More details regarding the results in Fig. 3. can be found here.

Possible Biases in Satellite-Retrieved Water Vapor Trends
While satellite retrievals of TWV are known to be quite accurate when compared to radiosondes, subtle changes in the vertical profile of water vapor during global warming can potentially cause biases in the TWV trends. The Santer et al. (2021) study mentions the possibility that the total vertically-integrated atmospheric water vapor trends provided by satellites since mid-1987 might be too high, but does not address any reasons why.

This is an issue I have been concerned about for many years because the TWV trend since 1988 (only retrievable over the ocean) has been rising faster than we would expect based upon sea surface temperature (SST) warming trends combined with the assumption of constant relative humidity throughout the depth of the troposphere (see Fig. 1a, 1b, 1c above).

How might such a retrieval bias occur? Retrieved TWV is proportional to warming of a passive microwave Tb near the weak 22.235 GHz water vapor absorption line over the radiometrically-cold (reflective) ocean surface. As such, it depends upon the temperature at which the water vapor is emitting microwave radiation.

TWV retrieval depends upon assumed shapes of the vertical profile of water vapor in the troposphere, that is, what altitudes and thus what temperatures the water vapor is emitting at. These assumed vertical profile shapes are based upon radiosonde (weather balloon) data from different regions and different seasons having different underlying sea surface temperatures. But these regionally- and seasonally-based shape variations might not reflect shape changes during warming. If the vast majority of the moistening with long-term warming occurs in the boundary layer (see Fig. 2 above, below 800 hPa pressure altitude), with maybe slight thickening of the boundary layer, but the upper troposphere experiences little moistening, then the retrieved TWV could be biased high because the extra water vapor is emitting microwave radiation from a lower (and thus warmer) altitude than is assumed by the retrieval. This will lead to a high bias in retrieved water vapor over time as the climate system warms and moistens. As the NASA AMSR-E Science Team leader, I asked the developer of the TWV retrieval algorithm about this possibility several years ago, but never received a response.

The New Santer at al. Study Ignores Radiosonde Evidence Supporting Our UAH Satellite Temperatures

As an aside, it is also worth noting that the new study does not even reference our 2018 results (Christy et al., 2018) showing that the most stable radiosonde datasets support the UAH satellite temperature trends.


Conclusion
The new study by Santer et al. does not provide convincing evidence that the satellite measurements of tropospheric temperature trends are unrealistically low, and the media reporting of their study in this regard was biased. Their conclusion (which they admit is equivocal) depends upon the belief in climate models for how upper tropospheric warming relates to increasing total tropospheric water vapor (TWV) amounts. Since TWV does not provide much sensitivity to upper tropospheric water vapor changes, and those changes largely determine how much tropospheric amplification of surface temperature trends will occur (e.g. the “tropical hotspot”), TWV cannot determine whether tropospheric temperature trends are realistic or not.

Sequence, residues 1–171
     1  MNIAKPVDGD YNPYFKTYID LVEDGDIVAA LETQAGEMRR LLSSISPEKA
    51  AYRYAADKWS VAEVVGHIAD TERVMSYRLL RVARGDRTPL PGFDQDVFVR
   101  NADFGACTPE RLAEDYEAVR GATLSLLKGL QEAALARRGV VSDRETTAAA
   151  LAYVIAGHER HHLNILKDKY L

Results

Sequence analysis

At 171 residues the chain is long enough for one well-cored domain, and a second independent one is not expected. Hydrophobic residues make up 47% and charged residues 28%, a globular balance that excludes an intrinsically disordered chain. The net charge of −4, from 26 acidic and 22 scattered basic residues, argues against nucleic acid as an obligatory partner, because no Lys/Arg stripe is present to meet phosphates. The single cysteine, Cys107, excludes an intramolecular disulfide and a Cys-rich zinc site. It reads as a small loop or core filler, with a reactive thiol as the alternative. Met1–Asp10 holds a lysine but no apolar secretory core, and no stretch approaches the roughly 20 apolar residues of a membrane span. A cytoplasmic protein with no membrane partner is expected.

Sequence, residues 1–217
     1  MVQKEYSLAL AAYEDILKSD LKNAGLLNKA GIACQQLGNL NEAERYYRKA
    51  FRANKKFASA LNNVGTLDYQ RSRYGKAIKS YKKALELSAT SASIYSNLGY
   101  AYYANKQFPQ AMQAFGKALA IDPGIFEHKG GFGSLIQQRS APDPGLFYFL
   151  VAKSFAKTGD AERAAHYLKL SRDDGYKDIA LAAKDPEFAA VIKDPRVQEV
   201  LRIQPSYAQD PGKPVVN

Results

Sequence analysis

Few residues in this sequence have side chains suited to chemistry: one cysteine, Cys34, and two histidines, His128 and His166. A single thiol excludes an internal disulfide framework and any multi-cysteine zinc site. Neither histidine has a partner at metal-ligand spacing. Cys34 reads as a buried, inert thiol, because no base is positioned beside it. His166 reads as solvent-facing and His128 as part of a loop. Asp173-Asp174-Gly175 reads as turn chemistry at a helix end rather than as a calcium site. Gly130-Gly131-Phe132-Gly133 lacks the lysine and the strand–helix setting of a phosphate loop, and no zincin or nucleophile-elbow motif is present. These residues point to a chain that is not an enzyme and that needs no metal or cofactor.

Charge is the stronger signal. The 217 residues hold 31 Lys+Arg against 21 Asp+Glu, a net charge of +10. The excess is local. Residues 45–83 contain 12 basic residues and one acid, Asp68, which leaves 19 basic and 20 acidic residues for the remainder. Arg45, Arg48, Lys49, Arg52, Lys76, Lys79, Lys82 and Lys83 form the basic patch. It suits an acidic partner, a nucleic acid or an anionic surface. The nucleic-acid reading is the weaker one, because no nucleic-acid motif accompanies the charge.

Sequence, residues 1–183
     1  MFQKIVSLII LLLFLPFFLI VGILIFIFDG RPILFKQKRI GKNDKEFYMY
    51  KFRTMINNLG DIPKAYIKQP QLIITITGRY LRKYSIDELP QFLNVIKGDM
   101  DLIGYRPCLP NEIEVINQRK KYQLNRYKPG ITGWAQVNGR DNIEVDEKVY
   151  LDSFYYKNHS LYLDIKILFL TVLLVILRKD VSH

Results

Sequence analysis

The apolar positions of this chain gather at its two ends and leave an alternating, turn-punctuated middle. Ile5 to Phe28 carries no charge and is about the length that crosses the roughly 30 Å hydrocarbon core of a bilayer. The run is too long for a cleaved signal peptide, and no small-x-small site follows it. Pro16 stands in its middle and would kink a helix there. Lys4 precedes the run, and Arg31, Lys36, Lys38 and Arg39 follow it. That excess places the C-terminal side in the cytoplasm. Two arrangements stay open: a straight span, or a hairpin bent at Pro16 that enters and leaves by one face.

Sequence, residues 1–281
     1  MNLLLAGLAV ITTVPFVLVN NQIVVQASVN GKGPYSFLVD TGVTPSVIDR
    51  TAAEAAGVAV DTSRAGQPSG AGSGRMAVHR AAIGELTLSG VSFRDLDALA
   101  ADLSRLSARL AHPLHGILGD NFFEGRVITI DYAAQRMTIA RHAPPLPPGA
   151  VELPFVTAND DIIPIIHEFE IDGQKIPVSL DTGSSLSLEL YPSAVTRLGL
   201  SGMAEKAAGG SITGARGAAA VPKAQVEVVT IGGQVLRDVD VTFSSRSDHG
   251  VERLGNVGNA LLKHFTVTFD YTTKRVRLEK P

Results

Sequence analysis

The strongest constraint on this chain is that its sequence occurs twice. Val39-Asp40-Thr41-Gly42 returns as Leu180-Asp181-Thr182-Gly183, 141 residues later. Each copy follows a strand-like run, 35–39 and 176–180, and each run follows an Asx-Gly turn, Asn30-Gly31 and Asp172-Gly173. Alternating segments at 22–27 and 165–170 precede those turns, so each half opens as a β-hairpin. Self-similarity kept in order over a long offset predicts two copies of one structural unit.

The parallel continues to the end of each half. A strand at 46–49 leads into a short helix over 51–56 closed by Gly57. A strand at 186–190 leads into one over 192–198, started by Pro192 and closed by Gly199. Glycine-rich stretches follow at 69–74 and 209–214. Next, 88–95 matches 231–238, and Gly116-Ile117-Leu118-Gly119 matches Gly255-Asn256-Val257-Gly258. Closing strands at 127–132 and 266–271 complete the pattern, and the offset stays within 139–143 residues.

Furthermore, there is some evidence that the TWV trends are themselves biased high, which the study authors admit is one possible explanation for the trend relationships they have calculated.

The existing observations as presented in the Santer et al. study are largely consistent with the view that global warming is proceeding at a significantly lower rate that is predicted by the latest climate models, and that much of the disagreement between models and observations can be traced to improper assumptions in those models.

Specifically:

1) SST warming has been considerably less that the models predict, especially in the tropics

2) Tropospheric amplification of the surface warming has been weak or non-existent, suggesting weaker positive water vapor feedback in nature than in models

3) Weak water vapor feedback, in turn, helps explain weak SST warming (see [1]).

4) Recent published research (and preliminary evidence shown in Fig. 3, above) support the view that climate model water vapor feedback is too strong, and so current models should not be used to validate observations in this regard.

5) Satellite-based total water vapor trends cannot be used to infer water vapor feedback because they are probably biased high due to vertical profile assumptions and because they probably do not reflect how free-tropospheric water vapor has changed with warming, which has a large impact on water vapor feedback.

REFERENCES


Christy, J. R., R. W. Spencer, W. D. Braswell, and R. Junod, 2018: Examination of space-based bulk atmospheric temperatures used in climate research.
Intl. J. Rem. Sens., DOI:https://doi.org/10.1080/01431161.2018.1444293

Lutsko, N. J. and T. W. Cronin, 2018: Increase in precipitation efficiency with surface warming in radiative-convective equilibrium. J. of Adv. Model. Earth Sys., DOI:https://doi.org/10.1029/2018MS001482.

Po-Chedley, S., K. C. Armour, C. M. Bitz, M. D. Zelinka, B. D. Santer, and Q. Fu, 2018: Sources of intermodel spread in the lapse rate and water vapor feedbacks. J. Climate, DOI:https://doi.org/10.1175/JCLI-D-17-0674.1.

Renno, N. O., K. A. Emanuel, and P. H. Stone, 1994: Radiative-convective model with an explicit hydrologic cycle: 1. Formulation and sensitivity to model parameters, J. Geophys. Res. – Atmos., DOI:https://doi.org/10.1029/94JD00020.